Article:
MORE THAN 20 recipients of the Goldman international environmental award have appealed to President Mary McAleese, Taoiseach Brian Cowen and Norwegian prime minister Jens Stoltenberg to intervene in the Corrib gas conflict in north Mayo.
An open letter sent late last week to Mrs McAleese, Mr Cowen and Mr Stoltenberg has been signed by recipients of the prestigious award from North and South America, Asia, Africa and Europe.
Mr Stoltenberg has been urged to assist as the Norwegian oil company Statoil is one of three partners in the Corrib gas project.
Known as the “Nobel green prize”, the Goldman award is sponsored by San Francisco philanthropist Richard Goldman. It selects six people from the six continental regions every year who have taken great personal risk in the name of environmental protection.
First ever Irish recipient was Rossport farmer Willie Corduff, who received the accolade two years ago for his opposition to the Corrib gas pipeline.
The letter, dated May 1st, expresses concerns about an alleged assault on Mr Corduff on April 23rd last, and a potential “humanitarian crisis” in north Mayo.
“Both Ireland and Norway pride themselves on the depth of their democratic process. All that the people from Co Mayo are attempting is to exercise their democratic right to say No to the Shell and Statoil project, in a peaceful manner, as required from a democracy,” the letter says.
“The violence perpetuated against Corduff and lack of protection from the State sadly reflects a possible decay in both the democracies of Ireland and Norway,” it continues, and it “urgently and humbly” seeks intervention of the recipients of the letter in “what is becoming a humanitarian crisis”.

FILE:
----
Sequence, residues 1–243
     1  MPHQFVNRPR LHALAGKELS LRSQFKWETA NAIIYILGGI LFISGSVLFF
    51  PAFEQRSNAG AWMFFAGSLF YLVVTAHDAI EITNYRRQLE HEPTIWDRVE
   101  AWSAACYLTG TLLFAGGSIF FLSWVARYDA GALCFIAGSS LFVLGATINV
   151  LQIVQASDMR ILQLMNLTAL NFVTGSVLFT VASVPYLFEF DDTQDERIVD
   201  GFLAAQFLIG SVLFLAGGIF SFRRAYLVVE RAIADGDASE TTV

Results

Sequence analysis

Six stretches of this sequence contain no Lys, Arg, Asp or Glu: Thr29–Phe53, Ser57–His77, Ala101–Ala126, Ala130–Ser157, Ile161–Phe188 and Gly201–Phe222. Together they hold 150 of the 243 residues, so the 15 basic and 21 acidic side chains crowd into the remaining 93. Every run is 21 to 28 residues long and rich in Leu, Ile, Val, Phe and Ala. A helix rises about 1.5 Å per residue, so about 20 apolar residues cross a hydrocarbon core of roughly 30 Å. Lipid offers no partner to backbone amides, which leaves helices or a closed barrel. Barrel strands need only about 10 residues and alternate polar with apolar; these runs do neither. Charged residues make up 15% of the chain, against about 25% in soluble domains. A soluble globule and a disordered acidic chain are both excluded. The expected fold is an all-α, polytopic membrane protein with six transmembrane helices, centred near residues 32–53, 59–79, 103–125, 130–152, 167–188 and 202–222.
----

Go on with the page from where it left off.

The letter notes that the Corrib gas developers – Shell, Statoil and Marathon – do not have planning permission for the onshore section of pipeline which would bring gas from the Corrib field off Mayo to the inland refinery at Bellanaboy. A Bord Pleanála oral hearing on the pipeline planning application is due to open this month.
The 26 signatories of the open letter include Sven “Bobby” Peek, who won the accolade in 1999 for environmental activism in Durban, South Africa; and 2001 award winner Jane Akre, a US journalist who lost her job with Fox News following her reports on genetically modified growth hormones injected into cattle.
Other signatories include Zambian Hammer Simwinga, who won the award in 2007 for his management of community initiatives designed to offer an economic alternative to elephant poaching; and Stephanie Roth, a French-Swiss campaigner against open-cast gold mining in Romania.
Former UN assistant secretary general Denis Halliday has already lent his backing to Mr Corduff. Afri, the justice and human rights organisation, and four community groups in north Mayo last week called for an international investigation into Mr Corduff’s treatment during his protests, stating a lack of confidence in the Garda.
Chief Supt Tony McNamara, head of the Mayo Garda division, said gardaí had called to Mr Corduff on several occasions seeking statements from him, but had not received one yet. Mr Corduff told The Irish Times he was still recovering from the incident and planned to make a statement.
Late last week, two Government Ministers, Éamon Ó Cuív and Eamon Ryan, attended a very heated public meeting in north Mayo hosted by the community in relation to policing by gardaí and Shell security. The Ministers urged all sides in the conflict to “remain within the law” and use available structures.